Young girls' self-esteem slips at 7

A new study shows that talking about brilliance undermines girls’ confidence. Why is gender bias so difficult to overcome?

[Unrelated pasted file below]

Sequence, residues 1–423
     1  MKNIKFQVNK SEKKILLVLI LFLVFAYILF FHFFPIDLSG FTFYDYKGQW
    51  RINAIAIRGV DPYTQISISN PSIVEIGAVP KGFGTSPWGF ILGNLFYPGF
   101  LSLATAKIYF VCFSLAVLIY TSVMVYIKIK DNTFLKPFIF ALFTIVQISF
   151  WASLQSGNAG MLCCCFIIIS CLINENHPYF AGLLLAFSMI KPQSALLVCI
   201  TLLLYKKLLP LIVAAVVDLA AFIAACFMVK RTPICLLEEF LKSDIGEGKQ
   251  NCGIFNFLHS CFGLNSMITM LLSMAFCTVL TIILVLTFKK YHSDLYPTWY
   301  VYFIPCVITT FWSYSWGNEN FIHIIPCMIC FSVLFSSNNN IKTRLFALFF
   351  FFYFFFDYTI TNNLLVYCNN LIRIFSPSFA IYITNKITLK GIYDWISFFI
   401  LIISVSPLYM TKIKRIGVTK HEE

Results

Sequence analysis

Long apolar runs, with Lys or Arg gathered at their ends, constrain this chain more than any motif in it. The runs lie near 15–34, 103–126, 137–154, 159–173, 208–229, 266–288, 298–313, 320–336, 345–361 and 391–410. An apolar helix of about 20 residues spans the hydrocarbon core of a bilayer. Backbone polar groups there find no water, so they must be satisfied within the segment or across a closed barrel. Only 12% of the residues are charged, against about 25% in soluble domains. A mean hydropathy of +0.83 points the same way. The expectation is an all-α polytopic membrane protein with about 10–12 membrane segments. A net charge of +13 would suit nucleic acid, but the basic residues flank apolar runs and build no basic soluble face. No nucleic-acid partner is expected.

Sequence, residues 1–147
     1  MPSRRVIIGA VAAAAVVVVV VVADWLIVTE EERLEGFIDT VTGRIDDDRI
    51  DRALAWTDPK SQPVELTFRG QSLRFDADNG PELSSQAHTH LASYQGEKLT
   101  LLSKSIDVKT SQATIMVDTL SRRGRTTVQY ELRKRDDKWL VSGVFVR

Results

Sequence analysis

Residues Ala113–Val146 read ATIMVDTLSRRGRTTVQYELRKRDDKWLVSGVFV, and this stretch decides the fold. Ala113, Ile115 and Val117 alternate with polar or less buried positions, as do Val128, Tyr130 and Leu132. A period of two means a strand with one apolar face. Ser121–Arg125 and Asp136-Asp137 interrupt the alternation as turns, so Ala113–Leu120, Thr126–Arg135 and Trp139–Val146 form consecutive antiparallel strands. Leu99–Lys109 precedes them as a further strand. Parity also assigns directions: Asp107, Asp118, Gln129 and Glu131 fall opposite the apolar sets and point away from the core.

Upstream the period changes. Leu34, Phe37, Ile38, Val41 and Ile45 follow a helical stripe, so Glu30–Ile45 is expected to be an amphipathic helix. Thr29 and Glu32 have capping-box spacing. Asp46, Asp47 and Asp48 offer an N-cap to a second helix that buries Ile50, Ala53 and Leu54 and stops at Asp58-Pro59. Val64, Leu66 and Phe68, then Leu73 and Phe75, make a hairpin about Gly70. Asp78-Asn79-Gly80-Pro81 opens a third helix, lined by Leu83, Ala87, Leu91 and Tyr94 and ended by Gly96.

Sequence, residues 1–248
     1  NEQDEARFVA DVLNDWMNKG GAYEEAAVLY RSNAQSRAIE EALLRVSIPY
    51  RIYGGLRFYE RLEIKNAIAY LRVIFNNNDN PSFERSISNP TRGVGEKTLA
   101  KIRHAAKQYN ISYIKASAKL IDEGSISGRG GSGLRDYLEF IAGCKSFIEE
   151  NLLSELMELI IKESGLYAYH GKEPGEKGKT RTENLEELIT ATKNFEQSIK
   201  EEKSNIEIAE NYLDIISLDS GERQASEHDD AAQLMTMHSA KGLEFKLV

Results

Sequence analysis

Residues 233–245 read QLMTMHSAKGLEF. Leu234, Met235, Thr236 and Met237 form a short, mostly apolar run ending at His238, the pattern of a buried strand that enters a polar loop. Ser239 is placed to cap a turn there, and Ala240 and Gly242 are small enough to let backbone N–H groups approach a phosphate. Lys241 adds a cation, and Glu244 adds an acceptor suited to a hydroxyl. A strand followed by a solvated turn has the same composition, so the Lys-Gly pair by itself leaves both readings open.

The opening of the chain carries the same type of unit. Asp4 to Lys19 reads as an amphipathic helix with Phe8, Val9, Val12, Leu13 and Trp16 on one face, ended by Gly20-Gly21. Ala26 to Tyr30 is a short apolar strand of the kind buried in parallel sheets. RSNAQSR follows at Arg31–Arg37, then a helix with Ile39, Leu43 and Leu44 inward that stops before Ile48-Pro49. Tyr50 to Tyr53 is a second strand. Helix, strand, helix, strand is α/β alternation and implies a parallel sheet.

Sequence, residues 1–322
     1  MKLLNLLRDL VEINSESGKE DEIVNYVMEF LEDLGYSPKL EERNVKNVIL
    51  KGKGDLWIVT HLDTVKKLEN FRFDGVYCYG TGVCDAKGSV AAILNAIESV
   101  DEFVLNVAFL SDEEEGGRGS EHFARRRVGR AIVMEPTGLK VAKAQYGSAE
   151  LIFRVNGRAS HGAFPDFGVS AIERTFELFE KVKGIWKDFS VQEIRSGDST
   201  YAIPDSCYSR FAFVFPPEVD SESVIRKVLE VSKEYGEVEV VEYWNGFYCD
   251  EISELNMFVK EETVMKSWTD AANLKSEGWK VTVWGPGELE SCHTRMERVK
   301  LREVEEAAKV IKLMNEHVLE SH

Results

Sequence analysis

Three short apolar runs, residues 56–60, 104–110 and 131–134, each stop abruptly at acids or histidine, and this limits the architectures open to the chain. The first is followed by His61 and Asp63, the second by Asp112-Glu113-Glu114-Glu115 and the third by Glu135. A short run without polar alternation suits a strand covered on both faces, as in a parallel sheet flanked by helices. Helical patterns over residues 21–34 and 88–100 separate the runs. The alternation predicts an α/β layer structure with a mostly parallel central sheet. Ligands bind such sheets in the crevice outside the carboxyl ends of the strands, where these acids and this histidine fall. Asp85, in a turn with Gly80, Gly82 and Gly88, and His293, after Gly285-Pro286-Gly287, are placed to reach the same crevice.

Parents, teachers, educators and policy makers generally agree that girls should be taught a “can-do” attitude, so persistent evidence that many girls continue to shy away from certain ambitious goals is puzzling and disturbing.  Over the past several years a researcher at Princeton, Sara-Jane Leslie, has measured the extent to which success in an academic subject was seen to rely on raw brilliance (as opposed to hard work), against the number of women and men working in that subject.  Leslie found that that the more a field is seen to demand natural born brilliance, the fewer women it has.  Hard work, diligence, dedication and even passion seem to count for little when a woman hears the buzzwords “brilliance” or “genius”.

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